Idioms – B

Here is a list of idiomatic expressions built around words beginning with letter B.

Be left holding the baby

When you are left holding the baby you are given a responsibility that you do not want.

The back of beyond

If something happens at the back of beyond, it happens at a very remote place.

Get someone’s back up

To get someone’s back up is to annoy them.

Turn your back on

To turn your back on something is to ignore or reject it.

With your back to the wall / Up against the wall

When you stand with your back to the wall, you are in a very difficult situation.

Bend over backwards

To bend over backwards is to try your hardest to be helpful or fair.

Bail someone out

To bail someone out is to rescue them from a difficulty.

Rise to the bait

To rise to the bait is to react to temptation exactly as someone planned.

Be in the balance / hang in the balance

When something hangs in the balance, it is in an uncertain state.

On the ball

When you are on the ball, you are alert.

Play ball

To play ball is to cooperate.

Start or set the ball rolling

To set the ball rolling is to make a start.

Have a ball

To have a ball is to have a very enjoyable time.

Be called to the bar

When you are called to the bar, you are allowed to practice as a barrister.

Behind bars

When you are behind bars, you are in prison.

With your bare hands

To do something with bare hands is to do it without using any tools or weapons.

Drive a hard bargain

To drive a hard bargain is to try hard for a deal in your favor.

Someone’s bark is worse than their bite

When someone’s bark is worse than their bite, they are not as dangerous as they seem to be.

Be barking up the wrong tree

When you are barking up the wrong tree you are doing or thinking something that is not correct.

Bear someone a grudge

To bear someone a grudge is to feel resentment against them.

Bear something in mind

To bear something in mind is to take something into account.

Beat about the bush

To beat about the bush is to discuss a matter without coming to the point.

Off the beaten track – isolated

At someone’s beck and calls

When you are at someone’s beck and calls you are ready to obey their orders.

Have a bee in your bonnet

When you have a bee in your bonnet, you are obsessed with something.

Below the belt

Unfair or against the rules

Tighten your belt

To tighten your belt is to cut your spending.

Under your belt

When you have something under your belt, you have achieved or acquired it.

Give someone a wide berth

To give someone a wide berth is to stay well away from them.

Beside yourself

When you are beside yourself you are frantic with worry.

Get the best of

To get the best of someone is to overcome them.

Make the best of

To make the best of something is to get what limited advantage you can get from them.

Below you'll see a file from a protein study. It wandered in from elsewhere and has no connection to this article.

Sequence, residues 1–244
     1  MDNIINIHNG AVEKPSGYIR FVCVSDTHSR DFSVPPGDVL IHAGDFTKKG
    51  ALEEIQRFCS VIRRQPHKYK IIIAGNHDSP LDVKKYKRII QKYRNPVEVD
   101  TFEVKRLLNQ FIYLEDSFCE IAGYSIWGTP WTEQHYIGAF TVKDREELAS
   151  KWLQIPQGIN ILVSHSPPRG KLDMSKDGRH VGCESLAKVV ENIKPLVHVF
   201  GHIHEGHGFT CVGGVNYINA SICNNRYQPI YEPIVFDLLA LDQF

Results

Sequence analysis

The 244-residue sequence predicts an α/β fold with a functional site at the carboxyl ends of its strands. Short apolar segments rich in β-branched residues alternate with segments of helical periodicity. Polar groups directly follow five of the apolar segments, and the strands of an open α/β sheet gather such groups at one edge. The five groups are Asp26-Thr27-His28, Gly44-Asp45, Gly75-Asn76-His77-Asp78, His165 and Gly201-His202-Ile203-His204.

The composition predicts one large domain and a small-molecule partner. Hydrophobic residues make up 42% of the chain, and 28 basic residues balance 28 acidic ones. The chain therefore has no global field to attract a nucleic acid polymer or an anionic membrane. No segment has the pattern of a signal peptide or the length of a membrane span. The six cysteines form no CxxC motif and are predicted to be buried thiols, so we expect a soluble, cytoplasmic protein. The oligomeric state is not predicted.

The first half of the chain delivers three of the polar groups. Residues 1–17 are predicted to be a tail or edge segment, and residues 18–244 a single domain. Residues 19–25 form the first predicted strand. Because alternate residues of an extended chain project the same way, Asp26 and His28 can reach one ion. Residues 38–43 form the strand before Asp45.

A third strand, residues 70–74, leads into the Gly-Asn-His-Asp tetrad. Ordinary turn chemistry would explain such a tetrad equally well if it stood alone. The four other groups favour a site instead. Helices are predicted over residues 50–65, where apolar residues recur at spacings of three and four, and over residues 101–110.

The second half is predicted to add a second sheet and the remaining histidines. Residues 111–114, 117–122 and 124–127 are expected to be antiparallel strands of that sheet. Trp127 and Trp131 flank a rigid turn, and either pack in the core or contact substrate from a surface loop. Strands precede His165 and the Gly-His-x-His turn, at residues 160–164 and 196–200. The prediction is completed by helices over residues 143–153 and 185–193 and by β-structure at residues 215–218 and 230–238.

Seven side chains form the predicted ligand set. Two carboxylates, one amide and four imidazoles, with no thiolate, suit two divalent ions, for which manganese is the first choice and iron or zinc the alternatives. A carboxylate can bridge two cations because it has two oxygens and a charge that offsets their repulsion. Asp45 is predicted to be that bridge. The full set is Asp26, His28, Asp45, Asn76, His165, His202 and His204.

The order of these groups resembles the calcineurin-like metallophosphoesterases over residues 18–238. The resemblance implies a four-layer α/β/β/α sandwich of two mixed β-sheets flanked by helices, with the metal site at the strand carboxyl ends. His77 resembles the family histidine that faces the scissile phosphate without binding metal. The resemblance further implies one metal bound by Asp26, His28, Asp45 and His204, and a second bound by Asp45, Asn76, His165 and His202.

Better yourself

To better yourself is to improve your position.

Better off

When you are better off, you are in a more favorable position.

Get the better off

To get the better off someone is to defeat them.

Bide your time

To bide your time is to wait patiently for a good opportunity.

Too big for your boots

When you are too big for your boots, you are too proud of yourself.

Fit the bill

If something fits the bills it is suitable for the purpose.

Be bound by

When you are bound by something you are hampered or restricted by it.

The birds and the bees

An informal expression used to refer to the basic facts about sex.

Bit by bit

When you do something bit by bit, you do it gradually.

Do your bit

To do your bit is to make a useful contribution.

To bits

When you are thrilled to bits, you are very much thrilled.

Bite the bullet

To bite the bullet is to make yourself do something difficult.

Bite the hand that feeds you

To bite the hand that feeds you is to do something with the objective of offending someone who has been helpful to you.

Bite off more than you can chew

To bite off more than you can chew is to take on more than you can handle.

Bite your tongue

To bite your tongue is to stop yourself from saying something.

Blaze a tail

To blaze a tail is to be the first to do something.

Blind someone with

To blind someone with something is to confuse or overwhelm them with something they cannot understand.

Turn a blind eye

To turn a blind eye is to pretend not to notice something.

Knock someone’s block off

To knock someone’s block off is to hit them on the head.

Be in your blood / run in your blood

When something is in your blood or runs in your blood, it is an integral part of your character.

Have blood on your hands

When you have blood on your hands, you are responsible for someone’s death.

Make someone’s blood boil

To make someone’s blood boil is to make them very angry.

Blot your copybook

To blot your copybook is to do things that would damage your good reputation.

Blow hot and cold

To blow hot and cold is to keep changing your reputation.

Blow someone’s mind

To blow someone’s mind is to impress them very strongly.

Blow over

When a trouble or controversy blows over, it fades away without serious effects.

Blow up

When things blow up, they explode.

Once in a blue moon

When something happens once in a blue moon, it happens very rarely.

When something happens out of the blue, it happens when you least expect it.

The blues

The blues are the feelings of sadness/depression.

Call someone’s bluff

To call someone’s bluff is to challenge them to do something because you believe that they won’t be able to do it.

Be in the same boat

When you are in the same boat, you are in the same difficult situation as other people.

Miss the boat

You miss the boat when you are too slow to take advantage of an opportunity.

Rock the boat

To rock the boat is to disturb an existing situation.


Manjusha Nambiar

Hi, I am Manjusha. This is my blog where I give English grammar lessons and worksheets.

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